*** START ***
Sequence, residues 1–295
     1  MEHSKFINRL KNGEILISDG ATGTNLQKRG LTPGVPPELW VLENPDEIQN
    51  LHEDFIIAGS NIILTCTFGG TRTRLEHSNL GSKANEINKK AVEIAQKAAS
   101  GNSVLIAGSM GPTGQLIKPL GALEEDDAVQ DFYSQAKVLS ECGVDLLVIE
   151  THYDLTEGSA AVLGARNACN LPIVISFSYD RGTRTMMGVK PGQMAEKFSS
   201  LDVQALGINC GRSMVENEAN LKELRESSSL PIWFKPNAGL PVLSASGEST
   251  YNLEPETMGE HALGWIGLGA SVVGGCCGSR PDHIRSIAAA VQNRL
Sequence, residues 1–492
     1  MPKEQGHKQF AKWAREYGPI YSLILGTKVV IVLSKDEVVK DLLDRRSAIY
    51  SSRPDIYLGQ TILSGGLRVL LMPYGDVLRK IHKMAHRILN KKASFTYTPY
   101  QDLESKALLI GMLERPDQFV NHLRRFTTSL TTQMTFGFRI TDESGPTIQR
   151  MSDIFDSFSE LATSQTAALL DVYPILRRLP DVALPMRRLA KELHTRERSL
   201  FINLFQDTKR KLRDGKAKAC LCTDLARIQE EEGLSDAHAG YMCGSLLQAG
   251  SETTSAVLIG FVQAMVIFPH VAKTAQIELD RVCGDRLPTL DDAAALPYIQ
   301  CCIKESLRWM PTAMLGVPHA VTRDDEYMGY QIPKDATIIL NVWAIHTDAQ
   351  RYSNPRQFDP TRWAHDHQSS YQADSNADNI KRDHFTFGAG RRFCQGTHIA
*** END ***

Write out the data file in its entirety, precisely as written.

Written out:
Sequence, residues 1–295
     1  MEHSKFINRL KNGEILISDG ATGTNLQKRG LTPGVPPELW VLENPDEIQN
    51  LHEDFIIAGS NIILTCTFGG TRTRLEHSNL GSKANEINKK AVEIAQKAAS
   101  GNSVLIAGSM GPTGQLIKPL GALEEDDAVQ DFYSQAKVLS ECGVDLLVIE
   151  THYDLTEGSA AVLGARNACN LPIVISFSYD RGTRTMMGVK PGQMAEKFSS
   201  LDVQALGINC GRSMVENEAN LKELRESSSL PIWFKPNAGL PVLSASGEST
   251  YNLEPETMGE HALGWIGLGA SVVGGCCGSR PDHIRSIAAA VQNRL
Sequence, residues 1–492
     1  MPKEQGHKQF AKWAREYGPI YSLILGTKVV IVLSKDEVVK DLLDRRSAIY
    51  SSRPDIYLGQ TILSGGLRVL LMPYGDVLRK IHKMAHRILN KKASFTYTPY
   101  QDLESKALLI GMLERPDQFV NHLRRFTTSL TTQMTFGFRI TDESGPTIQR
   151  MSDIFDSFSE LATSQTAALL DVYPILRRLP DVALPMRRLA KELHTRERSL
   201  FINLFQDTKR KLRDGKAKAC LCTDLARIQE EEGLSDAHAG YMCGSLLQAG
   251  SETTSAVLIG FVQAMVIFPH VAKTAQIELD RVCGDRLPTL DDAAALPYIQ
   301  CCIKESLRWM PTAMLGVPHA VTRDDEYMGY QIPKDATIIL NVWAIHTDAQ
   351  RYSNPRQFDP TRWAHDHQSS YQADSNADNI KRDHFTFGAG RRFCQGTHIA